There he was. He was ginormous in stature as I gazed at him, standing tall next to his lovely wife. His long, strong arm wrapped around her tiny, petite waist as they stood to leave the building. His grizzled hands, large as baseball mitts, revealed years of hard work farming, logging, working in the aluminum plant and working his acres of land.
As he passed by, he extended his hand to greet us. Jim’s leathery, worn but warm hand enveloped mine. His grip almost brought tears to my eyes it was so strong. His wife, with her twinkling eyes, radiated the beauty of the earth. Her whitening, yet still somewhat peppered hair was in her trademark bun, wrapped as it had been, I am sure for years.
As big and tall as Jim was, Ellen was tiny and somewhat frail looking, but feisty and fierce, and funny at the same time. Years of her hard works showed, too, her frame slightly bent forward
We chatted of getting our fall firewood in, how many cords we had each split, how not only glad we would be when we were done, but how toasty warm we will stay as we heat with wood stoves. We would be able to keep the cold of winter at bay. We talked of the yields of the fruits of our spring and summer labors, and the bounties we were yielding. We spoke with gratitude that we lived where we could grow apples and berries, cucumbers and squash. Then there would be the herbs and spices we would grind, and the pickles and pies we would make, and the vegetables we would preserve.
Time has a way of slipping by. We saw them weekly. They considered us one of their “kids”. When we moved over a dozen years ago, our communication continued. Ellen would write pages of local news and send in the post. I would call when they would come to mind. Often our calls and cards would cross in the air! How much they had taught us about honest hard work, of true love and the importance of relationships.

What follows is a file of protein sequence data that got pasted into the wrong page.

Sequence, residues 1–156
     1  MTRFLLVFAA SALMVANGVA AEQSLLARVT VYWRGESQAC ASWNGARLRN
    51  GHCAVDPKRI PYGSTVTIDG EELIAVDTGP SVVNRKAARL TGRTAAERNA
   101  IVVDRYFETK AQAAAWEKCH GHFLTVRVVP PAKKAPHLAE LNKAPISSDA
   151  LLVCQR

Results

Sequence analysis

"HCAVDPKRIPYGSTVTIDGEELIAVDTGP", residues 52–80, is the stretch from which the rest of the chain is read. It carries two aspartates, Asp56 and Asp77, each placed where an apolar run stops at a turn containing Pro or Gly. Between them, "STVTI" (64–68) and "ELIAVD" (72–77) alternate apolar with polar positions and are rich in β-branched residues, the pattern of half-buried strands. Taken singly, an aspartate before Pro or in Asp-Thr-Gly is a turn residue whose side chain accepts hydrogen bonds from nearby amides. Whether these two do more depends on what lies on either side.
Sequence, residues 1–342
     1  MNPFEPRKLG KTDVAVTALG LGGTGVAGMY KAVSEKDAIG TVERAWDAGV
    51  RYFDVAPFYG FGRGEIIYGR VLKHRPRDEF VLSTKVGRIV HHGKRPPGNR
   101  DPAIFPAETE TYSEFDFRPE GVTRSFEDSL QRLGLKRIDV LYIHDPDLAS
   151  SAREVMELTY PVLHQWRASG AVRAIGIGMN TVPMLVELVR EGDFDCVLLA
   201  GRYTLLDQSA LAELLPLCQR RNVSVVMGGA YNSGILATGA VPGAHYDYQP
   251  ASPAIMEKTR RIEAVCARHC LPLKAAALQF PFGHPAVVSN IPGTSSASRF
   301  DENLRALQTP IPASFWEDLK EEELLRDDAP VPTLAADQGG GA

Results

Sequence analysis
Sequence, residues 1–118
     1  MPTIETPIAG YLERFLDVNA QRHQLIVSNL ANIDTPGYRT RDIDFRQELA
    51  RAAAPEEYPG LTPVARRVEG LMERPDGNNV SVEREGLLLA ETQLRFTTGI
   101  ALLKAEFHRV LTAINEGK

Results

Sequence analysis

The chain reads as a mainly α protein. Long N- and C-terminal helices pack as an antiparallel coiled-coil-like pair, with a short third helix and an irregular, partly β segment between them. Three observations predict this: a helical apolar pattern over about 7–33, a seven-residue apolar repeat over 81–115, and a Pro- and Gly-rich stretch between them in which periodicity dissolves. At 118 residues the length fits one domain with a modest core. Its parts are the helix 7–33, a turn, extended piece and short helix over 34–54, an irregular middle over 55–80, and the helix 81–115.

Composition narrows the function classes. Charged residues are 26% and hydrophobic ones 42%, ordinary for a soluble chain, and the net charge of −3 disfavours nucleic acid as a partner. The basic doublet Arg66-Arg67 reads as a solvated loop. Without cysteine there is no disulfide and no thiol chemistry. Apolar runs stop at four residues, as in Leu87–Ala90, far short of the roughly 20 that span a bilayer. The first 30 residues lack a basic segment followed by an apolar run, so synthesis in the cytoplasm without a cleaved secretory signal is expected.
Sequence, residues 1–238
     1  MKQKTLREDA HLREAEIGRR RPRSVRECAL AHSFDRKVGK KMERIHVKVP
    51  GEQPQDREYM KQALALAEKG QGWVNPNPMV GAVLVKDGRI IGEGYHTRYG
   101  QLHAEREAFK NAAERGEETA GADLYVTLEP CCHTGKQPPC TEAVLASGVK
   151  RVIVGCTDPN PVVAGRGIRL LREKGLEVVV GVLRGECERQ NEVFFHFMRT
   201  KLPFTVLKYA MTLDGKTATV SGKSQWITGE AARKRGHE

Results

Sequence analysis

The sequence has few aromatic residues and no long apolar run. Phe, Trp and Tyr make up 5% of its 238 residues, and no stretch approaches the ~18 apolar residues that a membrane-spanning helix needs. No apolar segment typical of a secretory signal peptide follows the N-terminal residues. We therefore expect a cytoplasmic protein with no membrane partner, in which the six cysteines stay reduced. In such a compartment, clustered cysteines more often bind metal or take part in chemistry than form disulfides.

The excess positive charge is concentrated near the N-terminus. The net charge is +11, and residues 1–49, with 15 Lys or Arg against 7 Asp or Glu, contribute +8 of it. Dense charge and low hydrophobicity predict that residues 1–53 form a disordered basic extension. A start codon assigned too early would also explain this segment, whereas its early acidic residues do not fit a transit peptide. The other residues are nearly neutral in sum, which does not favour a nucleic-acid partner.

The last time I saw them, time had more than taken its toll. Jim was hobbling and could hardly hear or talk. Ellen’s frame was bent over – not just with age, but as if the weight of the world was upon her. She was taking more care of Jim, but also responsible for two of her nine grown children who had abilities different than most who still lived at home, plus the cooking and gardening, which was getting harder each year.
The phone rang. Ellen had forgotten the time zone difference. It didn’t matter. I knew. It was two days before Christmas. Two days before their 53rd wedding anniversary. Jim had whispered to her in bed the night before as he hugged her tight, that he was going ‘home’. He would be OK, and always remember how much he loved her.
Two months passed. I called Ellen last week, sobbing, in tears. I asked her to forgive me. I had let time slip by, and I had not touched base with her, not for lack of not thinking of her, but letting “life” get in the way. We talked for an hour. She shared that Jim (much like my Bill) didn’t like holidays – we should be thankful every day, why do we need Thanksgiving? We should treat everyone special every day – why do we need birthday celebrations? And isn’t every day Christmas – a new present to open? And we should love everyone EVERY day.
A neighbor had stopped by on Valentine’s Day with a ‘gift’ from Jim. What? She had NEVER in 53 years ever received a card or gift from Jim. It was a picture of Jim and his best friend, huddled over one of Jim’s old (really old!) tractors, tinkering to get it to fire up again. Jim had had his wife sneak over and take the photo and his friend hand crafted the frame.
That was the true and essence of Jim. It was what Ellen needed – she had no photo of him – they lived so simply, camera’s and photos weren’t even on their radar. “Who needed them anyway – it’s just extra stuff”, Ellen would say.
We cried together, and laughed through our tears, missing each other terribly. Me? I was grateful for her forgiveness of not my staying in touch – she had taught me better over the years.
Relationships. Who do you need to call today?
Care Tuk is a nationally known speaker, educator, and retreat/workshop leader. She has been a school, hospital, and home health occupational therapist for more than 30 years. She has been named as a Top Business Woman in America and recognized for her work with youth, disability outreach and awareness, and the American Cancer Society.